Follow-up

Your eye doctor may request that you schedule a follow-up appointment to check that your contact lenses are fitting properly and that your eyes are adjusting properly. If you are experiencing discomfort or dryness in your eyes you should visit your eye doctor as soon as possible. Your eye doctor may decide to try a different lens, a different contact lens disinfecting solution or to try an adjustment in your wearing schedule. Learn more about Scleral Lenses.

Bifocal and Multifocal Contact Lenses

If you are over 40 and have difficulty seeing close up, you probably have a common age-related condition called presbyopia which is when the eye’s natural lens loses the ability to focus on close objects. Presbyopia is a natural process as the eye ages and affects the majority of people from age 40 and upward.  Individuals with presbyopia are often familiar with the need to hold reading materials such as newspapers an arm’s length away from their eyes in order to see clearly, yet reading glasses with bifocal or multifocal (progressive) lenses can help.

Fortunately for those who don’t like the look, feel or inconvenience of reading glasses, there is another option. Bifocal and multifocal lenses are also available in contact lenses in both soft and Rigid Gas Permeable (RGP) varieties.

Multifocal contact lenses give you added freedom over glasses and they allow you to be able to view any direction - up, down and to the sides - with similar vision. People wearing progressive lenses in glasses on the other hand have to look over their glasses if they want to view upwards or into the distance.

The Difference Between Bifocal and Multifocal Lenses

Just as the name indicates, bifocal lenses are divided into two distinct segments for different vision powers, the first for distance vision and the second for near vision.  This enables you to clearly switch your focus from near to far as needed, but your vision will not necessarily be clear in between. The term multifocal lenses can refer to any lenses with multiple powers including bifocals, trifocals or progressive lenses. Non-bifocal multifocal lenses have a range of powers that enable you to constantly adjust your focus to see clearly from up close to far and in between.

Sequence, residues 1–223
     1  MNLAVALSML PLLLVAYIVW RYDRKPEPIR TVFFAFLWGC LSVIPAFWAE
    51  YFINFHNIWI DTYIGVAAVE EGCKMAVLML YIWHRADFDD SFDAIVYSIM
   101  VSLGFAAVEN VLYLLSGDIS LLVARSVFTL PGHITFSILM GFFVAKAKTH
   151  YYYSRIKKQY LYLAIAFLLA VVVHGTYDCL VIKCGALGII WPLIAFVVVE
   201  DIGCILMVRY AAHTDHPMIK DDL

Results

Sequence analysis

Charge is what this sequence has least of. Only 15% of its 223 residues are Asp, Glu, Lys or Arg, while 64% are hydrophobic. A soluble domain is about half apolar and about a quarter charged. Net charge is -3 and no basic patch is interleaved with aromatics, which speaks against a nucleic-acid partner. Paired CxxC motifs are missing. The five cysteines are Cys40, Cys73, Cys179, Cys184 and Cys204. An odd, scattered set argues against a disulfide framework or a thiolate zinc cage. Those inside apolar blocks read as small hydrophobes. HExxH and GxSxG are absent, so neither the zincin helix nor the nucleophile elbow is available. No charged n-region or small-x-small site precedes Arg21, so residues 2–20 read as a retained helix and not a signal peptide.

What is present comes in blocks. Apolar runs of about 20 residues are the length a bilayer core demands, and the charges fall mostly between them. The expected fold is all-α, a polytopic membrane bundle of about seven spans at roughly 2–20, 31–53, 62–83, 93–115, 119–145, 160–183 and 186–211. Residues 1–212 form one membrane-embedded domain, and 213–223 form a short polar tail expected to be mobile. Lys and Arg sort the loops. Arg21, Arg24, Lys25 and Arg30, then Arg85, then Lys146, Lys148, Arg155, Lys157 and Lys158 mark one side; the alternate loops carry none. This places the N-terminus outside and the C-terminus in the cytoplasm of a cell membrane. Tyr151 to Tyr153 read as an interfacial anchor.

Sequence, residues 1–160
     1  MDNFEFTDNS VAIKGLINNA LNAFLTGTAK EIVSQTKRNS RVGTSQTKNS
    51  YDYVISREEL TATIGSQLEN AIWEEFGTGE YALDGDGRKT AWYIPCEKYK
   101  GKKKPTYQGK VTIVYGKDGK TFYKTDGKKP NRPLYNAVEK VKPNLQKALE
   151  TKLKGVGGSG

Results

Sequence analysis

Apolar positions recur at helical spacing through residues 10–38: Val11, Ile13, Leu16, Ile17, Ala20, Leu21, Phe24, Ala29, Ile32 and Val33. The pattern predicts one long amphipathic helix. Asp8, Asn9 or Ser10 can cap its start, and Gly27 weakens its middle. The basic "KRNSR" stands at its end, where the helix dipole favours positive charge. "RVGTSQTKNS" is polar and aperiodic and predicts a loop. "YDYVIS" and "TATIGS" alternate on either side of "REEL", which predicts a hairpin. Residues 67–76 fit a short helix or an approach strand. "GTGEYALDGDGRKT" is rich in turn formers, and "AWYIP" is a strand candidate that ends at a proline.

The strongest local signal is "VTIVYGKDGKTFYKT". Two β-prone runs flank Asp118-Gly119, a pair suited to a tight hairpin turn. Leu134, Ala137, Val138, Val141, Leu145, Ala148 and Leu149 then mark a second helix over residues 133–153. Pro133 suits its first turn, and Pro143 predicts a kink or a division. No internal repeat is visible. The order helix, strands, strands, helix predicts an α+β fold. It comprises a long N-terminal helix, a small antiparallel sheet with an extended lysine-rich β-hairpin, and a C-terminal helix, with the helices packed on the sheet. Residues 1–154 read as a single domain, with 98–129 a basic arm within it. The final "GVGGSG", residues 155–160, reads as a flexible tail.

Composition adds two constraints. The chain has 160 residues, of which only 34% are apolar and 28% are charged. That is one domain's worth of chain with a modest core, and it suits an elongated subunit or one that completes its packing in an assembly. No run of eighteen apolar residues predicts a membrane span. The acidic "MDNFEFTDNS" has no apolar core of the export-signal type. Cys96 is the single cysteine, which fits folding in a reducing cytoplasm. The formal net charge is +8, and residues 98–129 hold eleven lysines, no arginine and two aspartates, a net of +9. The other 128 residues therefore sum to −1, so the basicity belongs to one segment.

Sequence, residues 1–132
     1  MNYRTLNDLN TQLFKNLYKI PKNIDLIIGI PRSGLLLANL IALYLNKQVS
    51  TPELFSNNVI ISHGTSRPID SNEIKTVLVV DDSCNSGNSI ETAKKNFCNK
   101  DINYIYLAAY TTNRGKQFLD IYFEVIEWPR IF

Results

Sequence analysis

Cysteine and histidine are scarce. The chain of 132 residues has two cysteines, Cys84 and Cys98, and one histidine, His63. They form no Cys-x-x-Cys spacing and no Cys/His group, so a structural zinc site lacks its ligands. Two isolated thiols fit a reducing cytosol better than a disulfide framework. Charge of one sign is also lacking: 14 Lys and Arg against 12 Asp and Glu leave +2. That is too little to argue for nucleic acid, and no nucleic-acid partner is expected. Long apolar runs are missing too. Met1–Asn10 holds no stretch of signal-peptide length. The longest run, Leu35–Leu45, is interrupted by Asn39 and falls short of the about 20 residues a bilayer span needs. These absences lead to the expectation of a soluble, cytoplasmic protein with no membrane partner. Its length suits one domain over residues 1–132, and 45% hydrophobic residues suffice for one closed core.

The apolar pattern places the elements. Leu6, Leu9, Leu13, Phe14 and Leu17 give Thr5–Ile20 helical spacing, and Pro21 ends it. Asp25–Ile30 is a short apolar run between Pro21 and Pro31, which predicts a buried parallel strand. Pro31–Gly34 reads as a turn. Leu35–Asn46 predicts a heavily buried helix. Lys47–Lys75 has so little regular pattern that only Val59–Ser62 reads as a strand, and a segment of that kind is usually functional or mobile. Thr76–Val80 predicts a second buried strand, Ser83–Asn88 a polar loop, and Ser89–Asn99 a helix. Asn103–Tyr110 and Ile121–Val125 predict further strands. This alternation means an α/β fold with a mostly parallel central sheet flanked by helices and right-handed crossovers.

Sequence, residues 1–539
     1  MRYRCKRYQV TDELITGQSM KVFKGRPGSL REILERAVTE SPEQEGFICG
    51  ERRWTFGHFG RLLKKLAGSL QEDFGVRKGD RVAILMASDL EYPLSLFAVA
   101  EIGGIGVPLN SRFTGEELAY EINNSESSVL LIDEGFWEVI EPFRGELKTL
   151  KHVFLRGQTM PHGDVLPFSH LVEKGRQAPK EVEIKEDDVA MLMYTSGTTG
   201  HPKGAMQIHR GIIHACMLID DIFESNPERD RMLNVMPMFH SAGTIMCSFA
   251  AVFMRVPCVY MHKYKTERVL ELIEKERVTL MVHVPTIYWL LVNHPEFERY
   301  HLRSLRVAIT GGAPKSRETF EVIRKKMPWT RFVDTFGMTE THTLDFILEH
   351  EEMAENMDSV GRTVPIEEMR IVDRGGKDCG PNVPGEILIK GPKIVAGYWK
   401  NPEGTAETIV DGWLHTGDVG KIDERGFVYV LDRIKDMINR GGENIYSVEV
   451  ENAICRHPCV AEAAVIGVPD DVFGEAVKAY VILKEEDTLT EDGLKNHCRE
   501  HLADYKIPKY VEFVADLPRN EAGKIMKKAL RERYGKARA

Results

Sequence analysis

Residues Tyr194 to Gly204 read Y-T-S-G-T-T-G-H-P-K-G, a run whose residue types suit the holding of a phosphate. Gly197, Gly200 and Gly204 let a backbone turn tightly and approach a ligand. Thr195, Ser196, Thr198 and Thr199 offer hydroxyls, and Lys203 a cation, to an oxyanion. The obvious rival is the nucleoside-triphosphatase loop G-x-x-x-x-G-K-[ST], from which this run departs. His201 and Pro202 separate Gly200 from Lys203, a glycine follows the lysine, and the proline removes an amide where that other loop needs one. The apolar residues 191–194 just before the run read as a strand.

Multifocal contact lenses are generally designed in one of two ways, as either simultaneous vision lenses or alternating vision lenses.

Simultaneous vision lenses

The most popular version of multifocal contact lenses, simultaneous vision lenses present the distance and near vision zones of the lens at the same time.  Typically after a short adjustment period your eyes learn to utilize the segment of the lens that they need to focus on the desired object and essentially ignore the other.

They come in two designs:

  • Concentric ring design: In the most basic form these are bifocal lenses that are comprised of a central circular area of one power with a ring around of the alternate power, similar to a bulls-eye.  In this design the power of the rings (either near or distance vision is interchangeable).  For intermediate viewing (18-24 inches away) extra rings can be added to create a trifocal or multifocal lens.  The width of each ring is variable depending on the power that is needed most and the edges of the rings can be blended for a smooth transition of focus, similar to progressive eyeglass lenses.
  • Aspheric design: These multifocal lenses attempt to provide a natural vision experience by blending many lens powers across the surface and center of the lens. In this design both distance and near vision power are located in the central visual area and your eyes will adapt to focus on the area needed to view what you are looking at.

Translating or Alternating Vision lenses

Similar to bifocal eyeglass lenses, these contacts are divided into distinct areas or zones and your pupil will move to the desired zone depending on your vision needs. Typically the top of the lens, which is what you look through when looking straight ahead is for distance vision and the bottom area (what you look through when you look down) is for near vision. However, this can be reversed according to unique vision needs.

Since contact lenses sometimes move within your eye, translating lenses are held in place by a ballast which is an area that is thicker than the rest of the lens or by truncating or flattening the bottom to stay in line by the lower lid. These lenses are only available in rigid gas permeable lens material.

An Alternative Option to Multifocal Contact Lenses: Monovision

Monovision is another contact lens alternative for presbyopia particularly if you are having difficulty adapting to multifocal lenses.  Monovision splits your distance and near vision between your eyes, using your dominant eye for distance vision and your non-dominant  eye for near vision.

Typically you will use single vision lenses in each eye however sometimes the dominant eye will use a single vision lens while a multifocal lens will be used in the other eye for intermediate and near vision. This is called modified monovision.  Your eye doctor will perform a test to determine which type of lens is best suited for each eye and optimal vision.

Are Contact Lenses Right for You?

If you have presbyopia, contact lenses may be a great option for you. Many people prefer the look and convenience of contact lenses over traditional reading glasses. Speak to your eye doctor about the options available to you.